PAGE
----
This was a critical opportunity to impress upon the Vice President the importance of protecting Annika, Maya, and millions of families like ours from a tax increase that will have devastating consequences."
Washington, DC (PRWEB) December 07, 2012
Today, Bob Hage of Pennington, New Jersey, a parent of twin daughters with significant disabilities and tireless advocate for The Arc, met with Vice President Joe Biden for lunch along with six other individuals at the Metro 29 Diner in Arlington, Virginia to share his story about how a $2,000 or more middle class tax increase as a result of going over the “fiscal cliff” will impact his family’s ability to pay for disability-related expenses in 2013.
Bob Hage and his wife Odette Adrian are a middle class family struggling to make ends meet. They have a 13-year old son Vann, and twin 9-year old daughters Annika and Maya, who have severe developmental disabilities and are non-verbal and medically fragile. As a family with children with special needs, they experience the same expenses and stresses other families encounter. However, they also face the additional financial, emotional, and physical challenges of providing very expensive care for two of their children.
“This was a critical opportunity to impress upon the Vice President the importance of protecting Annika, Maya, and millions of families like ours from a tax increase that will have devastating consequences. My daughters can’t afford to lose the ground they have gained through therapies that will allow them to reach their full potential. Not only did Vice President Biden listen, he clearly understands the challenges families like mine face, and I walked away trusting that the Vice President will do everything he can to protect my daughters’ future,” said Bob Hage.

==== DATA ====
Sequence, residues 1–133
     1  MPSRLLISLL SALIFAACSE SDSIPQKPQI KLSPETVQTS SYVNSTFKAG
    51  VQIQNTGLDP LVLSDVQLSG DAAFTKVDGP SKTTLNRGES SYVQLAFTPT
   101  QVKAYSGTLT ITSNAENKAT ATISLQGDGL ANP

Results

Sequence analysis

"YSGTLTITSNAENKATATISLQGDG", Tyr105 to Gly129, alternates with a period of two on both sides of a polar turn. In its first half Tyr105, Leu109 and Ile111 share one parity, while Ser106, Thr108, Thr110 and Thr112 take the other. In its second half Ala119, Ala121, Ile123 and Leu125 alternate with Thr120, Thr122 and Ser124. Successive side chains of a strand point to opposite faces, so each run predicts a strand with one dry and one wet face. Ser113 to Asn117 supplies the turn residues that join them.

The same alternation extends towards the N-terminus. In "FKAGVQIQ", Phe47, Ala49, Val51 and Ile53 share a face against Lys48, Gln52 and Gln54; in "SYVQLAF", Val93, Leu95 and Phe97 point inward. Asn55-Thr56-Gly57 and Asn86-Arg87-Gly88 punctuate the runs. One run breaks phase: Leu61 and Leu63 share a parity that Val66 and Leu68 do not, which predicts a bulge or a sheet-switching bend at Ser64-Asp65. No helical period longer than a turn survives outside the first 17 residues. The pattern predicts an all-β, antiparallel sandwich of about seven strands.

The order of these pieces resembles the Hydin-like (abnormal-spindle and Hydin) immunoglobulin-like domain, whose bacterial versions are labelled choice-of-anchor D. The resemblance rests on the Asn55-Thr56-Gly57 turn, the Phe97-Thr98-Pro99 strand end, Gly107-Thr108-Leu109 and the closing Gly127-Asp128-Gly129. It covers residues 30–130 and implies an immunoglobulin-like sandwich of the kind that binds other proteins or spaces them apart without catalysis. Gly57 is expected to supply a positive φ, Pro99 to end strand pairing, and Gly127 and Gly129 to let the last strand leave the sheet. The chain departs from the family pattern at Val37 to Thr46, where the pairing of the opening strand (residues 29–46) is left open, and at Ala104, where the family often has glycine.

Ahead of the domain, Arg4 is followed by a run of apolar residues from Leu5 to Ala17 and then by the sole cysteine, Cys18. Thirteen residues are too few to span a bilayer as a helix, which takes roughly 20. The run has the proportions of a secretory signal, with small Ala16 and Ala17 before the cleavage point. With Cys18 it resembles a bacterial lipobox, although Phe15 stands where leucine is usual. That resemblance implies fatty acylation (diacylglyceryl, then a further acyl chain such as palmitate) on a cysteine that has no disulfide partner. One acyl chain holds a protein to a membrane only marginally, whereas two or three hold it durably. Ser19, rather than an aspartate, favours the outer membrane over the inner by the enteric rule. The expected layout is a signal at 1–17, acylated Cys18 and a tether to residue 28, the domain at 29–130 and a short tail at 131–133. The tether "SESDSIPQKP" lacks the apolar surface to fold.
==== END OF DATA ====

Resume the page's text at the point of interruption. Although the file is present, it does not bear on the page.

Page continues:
Bob Hage and his wife Odette Adrian want Annika and Maya to have happy and fulfilling lives just as other parents want for their children. In order for them to help Annika and Maya achieve these goals, they need to pay for critical services. If the country goes over the “fiscal cliff” and their taxes go up $2000 or more, they will be forced to eliminate some of their daughters’ therapies and activities, which have proven to be crucial to their development.
Annika and Maya go to speech therapy, which has been instrumental in moving them from being totally dependent on liquid tube feedings to eating all their nutrition from pureed foods. Currently, speech therapy’s primary goal is to help Annika and Maya learn to chew so they can eat solid food.
Annika and Maya have significant dental issues and anything other than regular checkups, such as fillings and beyond, requires hospitalization and anesthesia. These other routine procedures are not covered by their medical insurance and will be cost prohibitive.
Both girls participate in weekly music and gymnastics classes for children with special needs. While music and gymnastics is recreational for most children, it is vitally important to Annika and Maya’s development. The music class focuses on building finger strength and coordination through piano and helps the girls to vocalize through singing. The gymnastics class concentrates on building muscular strength and endurance which is especially important for children with low muscular tone.
An increase of $2,000 or more in taxes would have a major impact on the Adrian-Hages’ ability to provide the services and supports their children with severe disabilities need.
“Annika and Maya shouldn’t face the consequences of gridlock in Washington over taxes. My girls need these services to learn and keep basic life skills, like chewing food, and to gain some strength so that they can be as independent as possible. But my wife and I may be forced to make some unimaginable choices if our taxes go up by $2,000 at the beginning of the year,” said Bob Hage.
The Arc advocates for and serves people with I/DD, including Down syndrome, autism, Fetal Alcohol Spectrum Disorders, cerebral palsy and other diagnoses. The Arc has a network of over 700 chapters across the country promoting and protecting the human rights of people with I/DD and actively supporting their full inclusion and participation in the community throughout their lifetimes and without regard to diagnosis.
Editor’s Note: The Arc is not an acronym; always refer to us as The Arc, not The ARC and never ARC. The Arc should be considered as a title or a phrase.
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